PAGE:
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High-profile stem cell papers contain fraudulent parts: Riken

Kyodo

Some portions of purportedly trailblazing stem cell research papers by Riken researchers and others were fraudulent, the government-backed institute acknowledged Tuesday.

A Riken panel investigating allegations leveled at the papers on so-called STAP cells found that two sets of images used in the papers were either manipulated or fabricated by Haruko Obokata, the Riken researcher who was the papers’ lead author.

The panel declined to say, however, at a press conference whether STAP cells — short for stimulus-triggered acquisition of pluripotency cells — really exist or not.

The panel also determined that three other co-authors of the papers, including Yoshiki Sasai, deputy head of the Riken Center for Developmental Biology, one of Riken’s research units, to which Obokata also belongs, and Teruhiko Wakayama, a professor at the University of Yamanashi, had not done anything fraudulent.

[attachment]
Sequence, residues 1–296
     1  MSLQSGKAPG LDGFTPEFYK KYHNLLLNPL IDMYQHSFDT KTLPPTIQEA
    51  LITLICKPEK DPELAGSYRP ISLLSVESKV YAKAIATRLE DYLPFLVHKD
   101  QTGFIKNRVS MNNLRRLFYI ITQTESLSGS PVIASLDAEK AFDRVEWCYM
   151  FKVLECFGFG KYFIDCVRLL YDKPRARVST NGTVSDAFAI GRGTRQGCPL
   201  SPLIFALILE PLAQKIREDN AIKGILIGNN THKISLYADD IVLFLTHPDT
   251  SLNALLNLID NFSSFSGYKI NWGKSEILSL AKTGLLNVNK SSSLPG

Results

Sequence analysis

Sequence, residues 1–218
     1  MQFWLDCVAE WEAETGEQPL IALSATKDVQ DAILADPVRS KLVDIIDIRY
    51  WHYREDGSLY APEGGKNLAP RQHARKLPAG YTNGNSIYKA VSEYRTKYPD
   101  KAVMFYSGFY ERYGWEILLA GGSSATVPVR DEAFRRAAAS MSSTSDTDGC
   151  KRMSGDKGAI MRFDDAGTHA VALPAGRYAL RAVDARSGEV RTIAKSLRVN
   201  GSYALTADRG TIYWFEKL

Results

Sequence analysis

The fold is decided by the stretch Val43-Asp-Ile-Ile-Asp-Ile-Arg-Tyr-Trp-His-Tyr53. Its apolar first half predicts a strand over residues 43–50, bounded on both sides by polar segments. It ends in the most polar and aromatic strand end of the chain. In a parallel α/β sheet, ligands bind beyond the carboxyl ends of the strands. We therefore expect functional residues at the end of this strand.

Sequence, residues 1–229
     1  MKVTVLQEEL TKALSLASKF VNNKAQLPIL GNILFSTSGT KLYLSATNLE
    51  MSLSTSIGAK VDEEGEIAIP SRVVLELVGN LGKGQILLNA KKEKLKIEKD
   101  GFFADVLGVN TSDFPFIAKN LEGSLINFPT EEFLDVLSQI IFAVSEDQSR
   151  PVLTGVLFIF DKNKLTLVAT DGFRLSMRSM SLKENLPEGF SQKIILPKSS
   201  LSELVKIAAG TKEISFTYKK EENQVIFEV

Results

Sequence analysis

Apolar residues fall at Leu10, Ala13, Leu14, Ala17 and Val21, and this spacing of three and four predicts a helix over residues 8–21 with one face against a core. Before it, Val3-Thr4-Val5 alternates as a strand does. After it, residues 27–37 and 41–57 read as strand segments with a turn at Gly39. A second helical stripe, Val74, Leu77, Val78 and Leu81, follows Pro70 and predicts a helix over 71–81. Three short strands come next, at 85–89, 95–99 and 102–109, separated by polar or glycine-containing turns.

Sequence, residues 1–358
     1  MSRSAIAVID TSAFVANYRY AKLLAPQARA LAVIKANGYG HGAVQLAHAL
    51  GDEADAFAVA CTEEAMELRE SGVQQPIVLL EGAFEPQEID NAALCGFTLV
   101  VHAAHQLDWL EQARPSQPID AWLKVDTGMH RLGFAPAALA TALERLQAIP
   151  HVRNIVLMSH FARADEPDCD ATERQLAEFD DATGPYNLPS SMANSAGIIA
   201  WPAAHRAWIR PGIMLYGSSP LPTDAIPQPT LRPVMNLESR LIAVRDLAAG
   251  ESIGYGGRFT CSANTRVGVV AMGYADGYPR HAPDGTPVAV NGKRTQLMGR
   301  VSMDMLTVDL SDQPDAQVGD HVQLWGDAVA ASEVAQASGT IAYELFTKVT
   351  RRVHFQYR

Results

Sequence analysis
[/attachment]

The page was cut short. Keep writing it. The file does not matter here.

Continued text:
But the panel said their responsibility is “grave,” in that they failed to verify the contents of the papers.

In late January, two research papers were published in the journal Nature on STAP cells, a purportedly revolutionary method of producing cells that can turn into various kinds of cells.

The researchers led by Obokata claimed they can be produced by subjecting somatic cells from a mouse to stress through exposing them to acid liquid.

Allegations soon surfaced on the Internet that the papers used collaged images and misappropriated data from Obokata’s doctoral thesis.

In the interim report of its probe, Riken said the STAP cell papers contained “serious errors.” Of six allegations about the papers, the institute dismissed two but noted the remaining possibility of data manipulation and plagiarism.